Blizzard’s Battle.Net Hacked, Details Compromised

“This week, our security team found an unauthorized and illegal access into our internal network here at Blizzard,” says a security bulletin posted last night on Blizzard’s website.

“Some data was illegally accessed,” it adds, before listing what they think was compromised. It includes email addresses, personal security question answers and – worryingly – “information relating to Mobile and Dial-In Authenticators” which translates to hashed phone numbers.

– ARTICLE CONTINUES BELOW –

Passwords were also accessed, although Blizzard use “cryptographically scrambled” passwords which use SRP to protect them, so they should hopefully remain encrypted. That said, Blizzard do recommend passwords are changed.

If you have used the same or similar passwords for other purposes, you may want to consider changing those passwords as well, says the bulletin. This is common sense – don’t reuse passwords.

There is no evidence that financial information was affected or accessed, says Blizzard. Thankfully, there’s also no evidence that personal information such as real names or billing addresses were accessed, which is hopefully some comfort.

China-based accounts appear to be unaffected by the hack.

For anyone still concerned that has a Blizzard account with Battle.net there’s a FAQ with additional information here that you should definitely read.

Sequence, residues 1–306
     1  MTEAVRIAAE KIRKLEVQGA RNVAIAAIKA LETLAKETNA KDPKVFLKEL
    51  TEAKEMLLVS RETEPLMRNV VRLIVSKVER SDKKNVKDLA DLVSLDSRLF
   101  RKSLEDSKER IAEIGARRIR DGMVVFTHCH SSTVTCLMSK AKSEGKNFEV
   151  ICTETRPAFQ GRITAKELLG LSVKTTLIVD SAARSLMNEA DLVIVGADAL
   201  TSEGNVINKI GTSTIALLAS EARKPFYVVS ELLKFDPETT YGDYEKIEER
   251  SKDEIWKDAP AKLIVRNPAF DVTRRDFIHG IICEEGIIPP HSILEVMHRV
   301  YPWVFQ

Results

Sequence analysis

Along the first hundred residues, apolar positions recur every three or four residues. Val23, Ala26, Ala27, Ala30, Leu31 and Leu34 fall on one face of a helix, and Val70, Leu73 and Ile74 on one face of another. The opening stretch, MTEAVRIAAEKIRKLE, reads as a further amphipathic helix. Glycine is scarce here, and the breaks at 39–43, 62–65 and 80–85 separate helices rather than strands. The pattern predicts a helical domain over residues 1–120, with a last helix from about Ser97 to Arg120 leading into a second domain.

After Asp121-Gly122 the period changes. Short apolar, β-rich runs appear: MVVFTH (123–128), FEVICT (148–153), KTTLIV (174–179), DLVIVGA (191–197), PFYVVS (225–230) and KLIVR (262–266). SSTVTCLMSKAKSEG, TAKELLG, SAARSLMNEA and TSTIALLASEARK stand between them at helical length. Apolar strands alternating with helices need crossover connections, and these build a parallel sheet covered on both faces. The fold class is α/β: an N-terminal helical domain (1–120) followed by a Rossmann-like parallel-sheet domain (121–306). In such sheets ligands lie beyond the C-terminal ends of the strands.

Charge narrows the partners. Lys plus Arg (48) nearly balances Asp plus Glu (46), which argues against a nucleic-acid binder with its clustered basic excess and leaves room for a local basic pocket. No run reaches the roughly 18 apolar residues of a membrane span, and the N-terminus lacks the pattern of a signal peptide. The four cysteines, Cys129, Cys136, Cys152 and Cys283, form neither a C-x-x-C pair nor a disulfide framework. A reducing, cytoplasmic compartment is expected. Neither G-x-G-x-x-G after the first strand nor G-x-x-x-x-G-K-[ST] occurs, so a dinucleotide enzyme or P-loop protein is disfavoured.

– PAGE CONTINUES BELOW –

9 Comments

  1. *sigh* seriously, this is exactly why I buy all of my Microsoft Points, XBL and PSN credit from shops. Plastering my personal details all over the web just doesn’t seem a great idea.

  2. According to the FAQ European users only had their E-Mail address leaked. I think I’m fine.

  3. And this is why I’ve started using unique passwords for every service, so that when one is compromised there is only one password that needs changing (bit of a pain to keep track of them all though)

  4. Going to have to remove my details from the PSN I think and XBL. It’s a risky business.

    Yawn at these hackers though, such talent wasted on such negativity.

    • They probably do not see it as a waste of their talent if someone is willing to pay them handsomely for what they reap.

      • That is if it’s not for their own benefit from the start.

  5. Always a bit sceptical about the claims of resilience of the SRP protocol. It still requires a recoverable password on the server side, even if it is salted, scrambled and encrypted. It cannot be as secure as a salted and hashed password. In a situation like this, rather than “advising” a change of password, forcing a change of password would be more secure, although there would no doubt be some outcry from users.

    • “even if it is salted, scrambled”
      I want eggs on toast now :(

  6. Is nothing safe :(
    Seems like this is just going to give diablo 3 players an even harder time than iv heard they are getting already.

Comments are now closed for this post.